A Publication of the Population and Development Program at Hampshire College
NO. 30 ~ SPRING 2005
Reproductive Health and the FDA: Buffeted by Political Battles
By Amy Allina
Since its inception, the Food and Drug Administration (FDA), the U.S. government’s main watchdog agency over the pharmaceutical industry, has been subject to political pressures that undermine its mission to ensure drug safety and protect consumer health. In the last several years, these pressures have intensified as the FDA is buffeted by the Bush administration’s right-wing agenda and an ever more powerful pharmaceutical industry. More often than not, women’s reproductive health and safety are caught in the crossfire of these political and economic agendas.
The Religious Right and the Battle over Emergency Contraception
In 2002, the Bush administration set off a powerful reaction when it tried to install W. David Hager as chair of the reproductive health drugs advisory committee responsible for advising the FDA on questions relating to contraception and abortion. The outrage of women around the country – expressed by more than 10,000 protest email messages to the FDA – led to a close public scrutiny of Hager’s record. Hager had been the lead spokesperson for the Christian Medical Association’s petition for a ban on mifepristone,1 the drug approved by the FDA for abortion. He had spoken publicly of his reluctance to prescribe contraception to patients who are not married.2 And as headlines across the country proclaimed, he was co-author of a book recommending prayer as treatment for PMS.3
In the face of this storm of public opposition, the Bush administration backed off from the original plan of putting Hager in charge of the committee, but they did make him a member. And they provided him with like-minded colleagues, appointing Joseph Stanford (who has written that he is unwilling to prescribe contraception even to married patients because of his belief that any interference between sexuality and fertility is detrimental to marriage4) and Susan Crockett (a board member of the American Association of Pro-Life Obstetricians and Gynecologists) to the committee as well.
Reproductive rights advocates and FDA watchers saw these appointments as a sign of the Bush administration’s allegiance to the religious right and pointed out that they set the stage for a fight over the pending FDA decision on whether to make emergency contraception (EC) available over-the-counter. Following that discouraging development, feminist activists and reproductive health advocates cheered the triumph of science a year later when the committee voted unanimously that emergency contraception was safe for use in an over-the-counter setting. In the face of overwhelming scientific evidence, even the three staunch opponents of reproductive rights on the committee had to acknowledge that this after-the-fact contraceptive method could be used safely without a prescription requirement. Among the doctors, scientists and activists who had been working for years to expand women’s access to EC, most had expected far worse from the committee.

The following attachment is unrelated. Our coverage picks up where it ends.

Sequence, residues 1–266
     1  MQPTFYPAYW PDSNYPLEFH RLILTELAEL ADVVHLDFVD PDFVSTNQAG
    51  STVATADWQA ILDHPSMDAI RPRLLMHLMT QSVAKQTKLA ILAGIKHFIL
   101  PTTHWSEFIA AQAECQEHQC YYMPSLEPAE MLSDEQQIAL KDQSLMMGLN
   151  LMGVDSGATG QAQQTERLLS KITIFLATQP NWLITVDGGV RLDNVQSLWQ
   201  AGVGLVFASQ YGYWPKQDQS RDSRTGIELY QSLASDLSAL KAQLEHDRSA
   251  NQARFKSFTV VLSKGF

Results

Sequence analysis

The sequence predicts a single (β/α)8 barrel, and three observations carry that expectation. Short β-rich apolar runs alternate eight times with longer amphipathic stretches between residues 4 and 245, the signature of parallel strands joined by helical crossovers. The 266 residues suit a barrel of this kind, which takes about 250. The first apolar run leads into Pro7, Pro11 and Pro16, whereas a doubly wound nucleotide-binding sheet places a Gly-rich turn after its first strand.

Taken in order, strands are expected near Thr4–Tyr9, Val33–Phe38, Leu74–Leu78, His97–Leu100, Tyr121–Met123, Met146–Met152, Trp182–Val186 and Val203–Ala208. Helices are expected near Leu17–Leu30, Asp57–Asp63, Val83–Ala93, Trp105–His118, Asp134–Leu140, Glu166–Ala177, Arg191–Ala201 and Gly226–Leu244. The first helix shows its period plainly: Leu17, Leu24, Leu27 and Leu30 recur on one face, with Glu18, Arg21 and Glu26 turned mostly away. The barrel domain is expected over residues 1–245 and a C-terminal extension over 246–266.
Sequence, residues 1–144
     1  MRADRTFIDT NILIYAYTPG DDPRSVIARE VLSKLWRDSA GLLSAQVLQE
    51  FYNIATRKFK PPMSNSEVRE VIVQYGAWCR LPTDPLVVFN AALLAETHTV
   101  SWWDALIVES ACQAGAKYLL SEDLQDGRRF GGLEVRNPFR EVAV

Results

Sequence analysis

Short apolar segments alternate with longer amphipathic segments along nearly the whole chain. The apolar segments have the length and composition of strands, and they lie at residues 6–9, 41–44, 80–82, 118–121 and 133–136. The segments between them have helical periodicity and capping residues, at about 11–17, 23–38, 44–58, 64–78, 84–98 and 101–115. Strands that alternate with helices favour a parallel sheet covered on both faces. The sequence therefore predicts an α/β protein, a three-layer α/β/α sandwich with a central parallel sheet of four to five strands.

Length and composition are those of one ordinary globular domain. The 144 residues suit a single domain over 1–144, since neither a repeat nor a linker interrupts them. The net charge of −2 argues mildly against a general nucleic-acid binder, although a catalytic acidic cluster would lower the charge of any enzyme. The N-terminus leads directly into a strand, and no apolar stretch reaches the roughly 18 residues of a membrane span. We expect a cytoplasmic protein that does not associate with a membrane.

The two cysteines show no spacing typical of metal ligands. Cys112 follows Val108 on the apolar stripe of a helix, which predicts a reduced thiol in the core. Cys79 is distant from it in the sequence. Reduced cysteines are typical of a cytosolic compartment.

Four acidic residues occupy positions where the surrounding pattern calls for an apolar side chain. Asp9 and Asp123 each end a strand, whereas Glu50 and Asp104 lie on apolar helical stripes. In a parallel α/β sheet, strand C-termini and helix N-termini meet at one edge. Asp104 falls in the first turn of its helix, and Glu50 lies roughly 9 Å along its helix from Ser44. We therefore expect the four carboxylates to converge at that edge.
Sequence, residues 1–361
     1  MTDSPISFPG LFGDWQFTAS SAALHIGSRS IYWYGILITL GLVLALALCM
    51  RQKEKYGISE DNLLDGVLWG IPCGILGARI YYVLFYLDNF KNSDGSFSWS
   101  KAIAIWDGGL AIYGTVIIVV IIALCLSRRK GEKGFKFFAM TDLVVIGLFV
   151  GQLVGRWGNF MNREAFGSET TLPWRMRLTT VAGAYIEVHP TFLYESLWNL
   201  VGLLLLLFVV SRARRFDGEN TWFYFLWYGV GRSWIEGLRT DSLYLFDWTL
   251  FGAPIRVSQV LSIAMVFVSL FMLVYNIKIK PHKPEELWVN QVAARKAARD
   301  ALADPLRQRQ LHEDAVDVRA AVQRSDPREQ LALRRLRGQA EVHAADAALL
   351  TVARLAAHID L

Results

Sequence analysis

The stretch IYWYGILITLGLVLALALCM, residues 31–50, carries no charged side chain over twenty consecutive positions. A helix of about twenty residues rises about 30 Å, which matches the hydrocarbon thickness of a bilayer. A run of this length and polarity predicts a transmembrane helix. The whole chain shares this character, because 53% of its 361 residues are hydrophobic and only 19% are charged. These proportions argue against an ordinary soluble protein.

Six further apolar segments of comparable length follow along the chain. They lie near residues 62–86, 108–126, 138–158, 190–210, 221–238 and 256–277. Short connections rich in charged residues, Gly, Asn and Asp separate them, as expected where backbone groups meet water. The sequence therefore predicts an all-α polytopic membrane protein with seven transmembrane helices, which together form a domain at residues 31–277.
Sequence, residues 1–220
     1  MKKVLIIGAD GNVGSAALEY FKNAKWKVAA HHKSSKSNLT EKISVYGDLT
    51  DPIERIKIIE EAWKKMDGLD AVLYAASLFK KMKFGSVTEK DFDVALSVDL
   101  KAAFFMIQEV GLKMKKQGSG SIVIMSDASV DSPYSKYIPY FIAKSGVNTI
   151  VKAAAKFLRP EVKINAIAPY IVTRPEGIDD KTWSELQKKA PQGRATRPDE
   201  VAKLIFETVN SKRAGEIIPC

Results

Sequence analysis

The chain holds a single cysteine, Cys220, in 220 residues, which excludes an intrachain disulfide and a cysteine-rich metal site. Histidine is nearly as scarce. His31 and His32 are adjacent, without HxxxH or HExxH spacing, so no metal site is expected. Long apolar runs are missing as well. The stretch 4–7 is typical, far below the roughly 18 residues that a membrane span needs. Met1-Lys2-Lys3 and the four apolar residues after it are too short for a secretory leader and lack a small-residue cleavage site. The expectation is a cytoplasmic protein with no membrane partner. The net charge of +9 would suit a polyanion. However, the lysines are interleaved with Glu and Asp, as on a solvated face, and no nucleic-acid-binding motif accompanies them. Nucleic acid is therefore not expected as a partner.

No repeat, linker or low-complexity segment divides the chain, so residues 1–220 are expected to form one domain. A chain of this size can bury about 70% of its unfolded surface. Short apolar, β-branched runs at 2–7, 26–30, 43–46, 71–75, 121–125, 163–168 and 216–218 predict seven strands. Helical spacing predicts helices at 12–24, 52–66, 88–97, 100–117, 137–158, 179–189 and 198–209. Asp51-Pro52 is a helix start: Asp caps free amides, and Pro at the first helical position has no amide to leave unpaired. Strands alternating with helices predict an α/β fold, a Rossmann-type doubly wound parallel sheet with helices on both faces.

The victory was short-lived, however. Despite the overwhelming recommendation from FDA’s science advisors, opponents of contraception prevailed and the FDA denied the EC over-the-counter application.*
Scientists and medical experts joined reproductive rights advocates in criticizing that decision, pointing out that by bowing to anti-choice political pressure, the FDA has denied women access to a safe and effective contraceptive and has undermined its own credibility as a scientific agency around the world. An editorial in the New England Journal of Medicine lamented the loss of FDA’s “enviable international reputation” and pointed out that the decision was “likely to mean that both physicians and patients will wonder whether future drug-approval decisions are based on the evidence with regard to efficacy and safety or, rather, on political considerations.”5
Mission in Flux
The EC controversy was not a typical, everyday occurrence at FDA. The FDA usually operates behind-the-scenes, unnoticed by most people – even those concerned about health. Yet, despite being out of the public eye, the FDA is still under constant pressure from political forces of a different kind than the very public battles that take place over reproductive rights. The standard battle at the agency is between the interests of the companies that make the drugs and devices it regulates and consumer advocates concerned about the safety of those products.
Since the FDA was first created early in the twentieth century, there have been struggles between businesses, determined to fight off government interference, and consumers and their advocates, working to establish a role for the federal government in protecting the public health.6 At its start the FDA was made up of a handful of scientists who worked in an obscure bureau of the Department of Agriculture; as the scope of drugs and medical devices in the world has expanded, the FDA has grown as well, now responsible for regulating over a trillion dollars worth of food, drugs and medical devices, more than a fifth of the U.S. economy.